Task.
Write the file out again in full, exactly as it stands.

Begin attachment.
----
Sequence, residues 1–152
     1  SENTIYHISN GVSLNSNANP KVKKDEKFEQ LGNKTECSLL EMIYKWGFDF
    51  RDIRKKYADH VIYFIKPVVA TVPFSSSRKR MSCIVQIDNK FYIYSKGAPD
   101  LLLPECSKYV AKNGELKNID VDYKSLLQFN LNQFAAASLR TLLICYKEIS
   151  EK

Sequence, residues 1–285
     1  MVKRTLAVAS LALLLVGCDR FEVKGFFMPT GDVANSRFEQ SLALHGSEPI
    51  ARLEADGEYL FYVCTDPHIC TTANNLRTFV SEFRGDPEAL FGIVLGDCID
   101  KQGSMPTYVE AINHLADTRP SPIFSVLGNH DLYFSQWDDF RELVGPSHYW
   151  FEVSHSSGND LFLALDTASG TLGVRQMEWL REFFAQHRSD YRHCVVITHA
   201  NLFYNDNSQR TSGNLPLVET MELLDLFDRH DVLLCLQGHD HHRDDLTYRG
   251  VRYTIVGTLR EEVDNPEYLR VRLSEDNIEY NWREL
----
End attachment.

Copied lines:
Sequence, residues 1–152
     1  SENTIYHISN GVSLNSNANP KVKKDEKFEQ LGNKTECSLL EMIYKWGFDF
    51  RDIRKKYADH VIYFIKPVVA TVPFSSSRKR MSCIVQIDNK FYIYSKGAPD
   101  LLLPECSKYV AKNGELKNID VDYKSLLQFN LNQFAAASLR TLLICYKEIS
   151  EK

Sequence, residues 1–285
     1  MVKRTLAVAS LALLLVGCDR FEVKGFFMPT GDVANSRFEQ SLALHGSEPI
    51  ARLEADGEYL FYVCTDPHIC TTANNLRTFV SEFRGDPEAL FGIVLGDCID
   101  KQGSMPTYVE AINHLADTRP SPIFSVLGNH DLYFSQWDDF RELVGPSHYW
   151  FEVSHSSGND LFLALDTASG TLGVRQMEWL REFFAQHRSD YRHCVVITHA
   201  NLFYNDNSQR TSGNLPLVET MELLDLFDRH DVLLCLQGHD HHRDDLTYRG
   251  VRYTIVGTLR EEVDNPEYLR VRLSEDNIEY NWREL